Is voter fraud that big a problem? Is the proposed voter-identification law even necessary? One of my regular readers, Gene Crain of Georgia, seems to think so.
“I think SB-3 is right on point. We must have voter clarity so that only our citizens can vote. I think Missouri is just trying to prevent illegals and maybe nonresidents from influencing the vote,” Crain said.
Let's continue the conversation from last week:
Former U.S. Attorney David Iglesias said in a 2008 NewsInitiative.org interview, “The Justice Department has prosecuted only a handful of voter fraud cases (during the Bush) administration. I'm aware of there being seven in Milwaukee, four in Kansas City, Missouri, one in Colorado (but) … there had not been any voter fraud prosecutions filed by the U.S. attorney since 1992.”
Four voter fraud cases in Missouri is not an epidemic to be resolved by an unnecessary and restrictive constitutional amendment.
The Boone County Prosecuting Attorney’s office verified that there has not been an allegation of voter fraud in the county in the last four years, if not the last decade. The Secretary of State’s office told me that though there have been complaints of voter fraud, the cases in Kansas City were indeed rare.
The New York University School of Law’s Brennan Center for Justice studied voter fraud, and the conclusion is simple. Analyzing data from the 2004 general elections in Washington state and Ohio, it seems that actual cases brought to prosecution were as low as four in 10 million votes cast. The report continues that “many vivid anecdotes of purported voter fraud have been proven false or do not demonstrate fraud.”
Additional data from New Jersey, Indiana and Crain’s home state of Georgia shows that cases of voter fraud allegations are extremely rare and that there is no justification of requiring a photo ID at the time of voting.
During a discussion concerning voter fraud on last week’s PBS Talk of the Nation, Kansas Secretary of State Kris Kobach said that his state had a reported 221 cases of alleged voter fraud between 1997 and 2010. Yet Justin Levitt, associate professor of law at Loyola Law School in Los Angeles pointed out that the 221 cases were out of more than 10 million individuals who voted in the same time period. Nothing was said about convictions.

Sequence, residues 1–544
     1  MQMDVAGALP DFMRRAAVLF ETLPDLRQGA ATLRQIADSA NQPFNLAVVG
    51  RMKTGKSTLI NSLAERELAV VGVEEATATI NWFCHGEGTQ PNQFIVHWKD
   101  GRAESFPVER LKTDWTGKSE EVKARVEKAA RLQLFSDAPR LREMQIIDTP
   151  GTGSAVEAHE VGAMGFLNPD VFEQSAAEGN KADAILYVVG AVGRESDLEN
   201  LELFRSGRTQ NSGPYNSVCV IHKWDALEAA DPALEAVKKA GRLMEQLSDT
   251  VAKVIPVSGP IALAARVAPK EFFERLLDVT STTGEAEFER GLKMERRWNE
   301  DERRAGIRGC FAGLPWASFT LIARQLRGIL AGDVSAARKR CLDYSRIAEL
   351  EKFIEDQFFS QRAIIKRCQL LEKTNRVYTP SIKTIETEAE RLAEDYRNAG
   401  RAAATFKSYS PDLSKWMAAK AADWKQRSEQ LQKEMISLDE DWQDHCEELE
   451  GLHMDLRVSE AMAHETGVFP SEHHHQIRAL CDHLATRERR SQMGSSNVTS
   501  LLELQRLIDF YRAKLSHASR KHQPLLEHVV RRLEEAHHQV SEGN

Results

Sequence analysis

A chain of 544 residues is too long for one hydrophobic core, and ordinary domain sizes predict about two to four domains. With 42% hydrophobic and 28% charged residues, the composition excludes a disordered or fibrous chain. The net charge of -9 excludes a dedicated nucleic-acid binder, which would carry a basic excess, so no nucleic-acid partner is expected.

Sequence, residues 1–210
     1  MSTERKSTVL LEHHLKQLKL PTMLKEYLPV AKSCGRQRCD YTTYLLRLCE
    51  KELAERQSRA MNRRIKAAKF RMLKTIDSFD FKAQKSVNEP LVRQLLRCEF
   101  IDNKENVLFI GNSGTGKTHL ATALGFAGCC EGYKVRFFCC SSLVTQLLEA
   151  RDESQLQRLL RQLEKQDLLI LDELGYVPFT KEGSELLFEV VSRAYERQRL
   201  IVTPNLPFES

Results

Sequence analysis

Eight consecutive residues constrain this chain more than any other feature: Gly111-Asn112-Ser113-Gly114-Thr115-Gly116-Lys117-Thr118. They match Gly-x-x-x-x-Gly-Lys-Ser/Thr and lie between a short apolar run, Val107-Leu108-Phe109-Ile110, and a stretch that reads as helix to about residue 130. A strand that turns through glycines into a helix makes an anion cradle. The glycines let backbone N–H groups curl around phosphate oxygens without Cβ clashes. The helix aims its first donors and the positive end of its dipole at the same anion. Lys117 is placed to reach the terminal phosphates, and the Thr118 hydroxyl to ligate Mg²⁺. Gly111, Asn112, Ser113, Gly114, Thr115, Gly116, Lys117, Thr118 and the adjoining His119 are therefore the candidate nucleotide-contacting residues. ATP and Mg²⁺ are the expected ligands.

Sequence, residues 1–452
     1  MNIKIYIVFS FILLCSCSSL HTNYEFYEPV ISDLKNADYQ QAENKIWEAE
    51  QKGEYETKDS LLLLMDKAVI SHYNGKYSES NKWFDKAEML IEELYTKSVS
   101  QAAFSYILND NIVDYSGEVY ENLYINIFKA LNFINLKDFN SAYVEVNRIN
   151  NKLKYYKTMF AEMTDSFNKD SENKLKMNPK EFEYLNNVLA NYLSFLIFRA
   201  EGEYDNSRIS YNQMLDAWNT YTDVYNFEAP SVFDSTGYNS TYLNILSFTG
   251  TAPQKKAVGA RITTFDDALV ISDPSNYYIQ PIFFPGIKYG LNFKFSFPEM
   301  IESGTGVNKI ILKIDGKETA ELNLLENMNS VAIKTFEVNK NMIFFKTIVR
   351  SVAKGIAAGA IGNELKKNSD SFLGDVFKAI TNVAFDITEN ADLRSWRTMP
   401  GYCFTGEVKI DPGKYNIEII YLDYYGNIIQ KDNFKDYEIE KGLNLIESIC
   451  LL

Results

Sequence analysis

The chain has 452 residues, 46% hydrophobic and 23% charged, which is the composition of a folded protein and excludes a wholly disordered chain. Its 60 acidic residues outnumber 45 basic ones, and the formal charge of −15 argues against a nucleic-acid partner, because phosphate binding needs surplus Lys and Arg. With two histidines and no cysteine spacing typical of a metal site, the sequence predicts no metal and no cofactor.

In Missouri you can register to vote at the post office, in front of a grocery during a Get Out The Vote campaign, or in person at the election authority’s office. The registration form asks if you are an American citizen (Yes or No), and the last four digits of your Social Security number, required, or your driver’s license number, optional, as “proof” of citizenship, in addition to your name and address. One cannot verify anything with just the last four numbers of one’s Social Security number, your name and address, right? Not quite.
Laura Egerdal, spokesperson for the Secretary of State’s office, said the system is designed to weed out bad or questionable registration cards. The process starts with entering the applicant’s data into the state computer files, which checks the information within the state and nationally. Checks are made for similar Social Security numbers, felony records, and duplicate registrations, to mention a few. At the polling venue you must provide identification, but currently not a picture ID. This is where the costs, in terms of money and time, come in for lower-income voters.
Egerdal told me that Secretary of State Robin Carnahan opposes the bill because it only addresses “voter impersonation at the polling place,” which is more rare than a black swan, as well as the cost to implement this overly restrictive bill.
Isn’t a citizen’s right to vote the most fundamental right of all? You betcha.
So why are the Republicans trying to take that right away? Is it their purpose to spread unfounded paranoia to gain absolute control? If the truth is out there, the Republican Party seems to have no idea where to look.
David Rosman is an award-winning editor, writer, professional speaker and college instructor in communications, ethics, business and politics. You can read more of David’s commentaries at InkandVoice.com and New York Journal of Books.